Posted October 3, 2012

This has to be the worst magnet school in the system. The teachers are unorganized and the principle is a poor choice for this school. She is rude to students and parents when they ask simple questions, unless you are one of her pets, and Mo Green's child is one of them. The other children she could care less about.
—Submitted by a parent


Posted July 17, 2012

If you have a bright creative child, you'll want to look for another school. This school's main focus is on the End of Year Grade tests. They judge all students but this one test. They do not consider ability testing, portfolio, prior year report cards, other testing ect. This school would make a child believe they are nothing but a number! This is not where you want your child. There are many other excellent schools in the county. My child was bored silly during classes that focused on preparing him for an end of the year test. The Lincoln VS program, for example, can understand and challenge a gifted child. This school is for teacher pleasing over achievers. Blue Ribbon schools don't really mean all that much, since the school had to apply for this award and many other excellent schools just don't feel the need to be patted on the back by the government.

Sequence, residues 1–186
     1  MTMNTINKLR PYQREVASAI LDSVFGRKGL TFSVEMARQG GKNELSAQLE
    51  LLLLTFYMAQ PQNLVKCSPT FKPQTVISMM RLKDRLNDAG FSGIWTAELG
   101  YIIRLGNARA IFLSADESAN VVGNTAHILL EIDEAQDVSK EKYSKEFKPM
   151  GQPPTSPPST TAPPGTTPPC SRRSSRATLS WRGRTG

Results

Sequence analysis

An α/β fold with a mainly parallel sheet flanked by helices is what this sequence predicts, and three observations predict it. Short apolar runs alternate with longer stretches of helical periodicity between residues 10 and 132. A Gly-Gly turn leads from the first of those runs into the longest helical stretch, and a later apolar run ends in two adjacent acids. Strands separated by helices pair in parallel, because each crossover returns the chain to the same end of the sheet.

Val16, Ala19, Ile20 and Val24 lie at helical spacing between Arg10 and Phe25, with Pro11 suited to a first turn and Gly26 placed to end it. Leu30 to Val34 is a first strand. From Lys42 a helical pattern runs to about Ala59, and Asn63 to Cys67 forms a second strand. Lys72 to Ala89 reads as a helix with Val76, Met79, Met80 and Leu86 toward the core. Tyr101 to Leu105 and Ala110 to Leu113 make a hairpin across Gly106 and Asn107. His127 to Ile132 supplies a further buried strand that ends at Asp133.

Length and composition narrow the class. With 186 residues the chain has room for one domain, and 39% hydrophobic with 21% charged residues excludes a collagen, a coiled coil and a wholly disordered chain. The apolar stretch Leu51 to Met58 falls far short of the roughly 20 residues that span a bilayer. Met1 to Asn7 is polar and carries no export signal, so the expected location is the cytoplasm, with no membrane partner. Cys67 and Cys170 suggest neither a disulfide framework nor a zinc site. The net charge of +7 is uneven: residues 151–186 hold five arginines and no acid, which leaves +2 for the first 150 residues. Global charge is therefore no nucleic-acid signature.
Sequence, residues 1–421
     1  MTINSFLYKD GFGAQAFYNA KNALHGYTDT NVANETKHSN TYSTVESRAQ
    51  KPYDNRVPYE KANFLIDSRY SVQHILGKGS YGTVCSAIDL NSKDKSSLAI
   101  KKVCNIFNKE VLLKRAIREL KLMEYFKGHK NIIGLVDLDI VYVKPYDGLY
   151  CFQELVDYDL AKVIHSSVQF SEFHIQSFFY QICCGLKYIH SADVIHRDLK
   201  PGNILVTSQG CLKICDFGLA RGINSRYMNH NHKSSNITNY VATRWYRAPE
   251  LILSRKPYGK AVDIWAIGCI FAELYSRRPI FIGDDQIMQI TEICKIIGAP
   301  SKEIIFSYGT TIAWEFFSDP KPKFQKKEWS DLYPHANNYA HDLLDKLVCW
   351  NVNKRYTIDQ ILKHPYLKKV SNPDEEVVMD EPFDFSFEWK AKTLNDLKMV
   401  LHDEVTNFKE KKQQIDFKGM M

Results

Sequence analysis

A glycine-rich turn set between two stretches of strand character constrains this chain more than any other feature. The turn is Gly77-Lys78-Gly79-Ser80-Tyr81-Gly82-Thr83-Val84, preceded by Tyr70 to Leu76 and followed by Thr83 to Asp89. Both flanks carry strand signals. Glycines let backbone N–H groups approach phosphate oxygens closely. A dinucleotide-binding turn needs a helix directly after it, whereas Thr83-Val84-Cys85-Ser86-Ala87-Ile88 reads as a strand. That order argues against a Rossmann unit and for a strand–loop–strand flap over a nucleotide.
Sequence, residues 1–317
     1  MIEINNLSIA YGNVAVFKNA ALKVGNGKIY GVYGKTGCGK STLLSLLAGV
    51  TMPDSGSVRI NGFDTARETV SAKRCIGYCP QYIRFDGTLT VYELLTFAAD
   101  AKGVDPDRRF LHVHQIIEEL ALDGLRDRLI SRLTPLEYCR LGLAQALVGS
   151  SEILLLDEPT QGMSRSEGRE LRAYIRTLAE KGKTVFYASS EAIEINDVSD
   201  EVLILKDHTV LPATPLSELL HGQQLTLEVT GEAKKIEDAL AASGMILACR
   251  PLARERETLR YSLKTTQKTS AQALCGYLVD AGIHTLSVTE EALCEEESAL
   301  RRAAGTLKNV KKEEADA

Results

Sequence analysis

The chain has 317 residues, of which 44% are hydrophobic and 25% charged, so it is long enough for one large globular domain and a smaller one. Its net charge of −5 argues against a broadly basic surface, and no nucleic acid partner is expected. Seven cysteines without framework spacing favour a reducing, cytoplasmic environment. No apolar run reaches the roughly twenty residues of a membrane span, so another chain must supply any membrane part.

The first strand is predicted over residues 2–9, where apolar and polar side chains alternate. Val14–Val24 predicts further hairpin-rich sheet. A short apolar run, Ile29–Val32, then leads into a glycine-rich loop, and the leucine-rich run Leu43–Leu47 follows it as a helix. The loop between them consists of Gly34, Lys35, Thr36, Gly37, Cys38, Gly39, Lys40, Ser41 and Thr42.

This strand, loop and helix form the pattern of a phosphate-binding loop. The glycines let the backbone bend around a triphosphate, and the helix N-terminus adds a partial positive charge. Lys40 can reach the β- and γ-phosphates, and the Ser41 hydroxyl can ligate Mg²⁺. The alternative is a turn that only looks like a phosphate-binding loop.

—Submitted by a parent


Posted June 27, 2012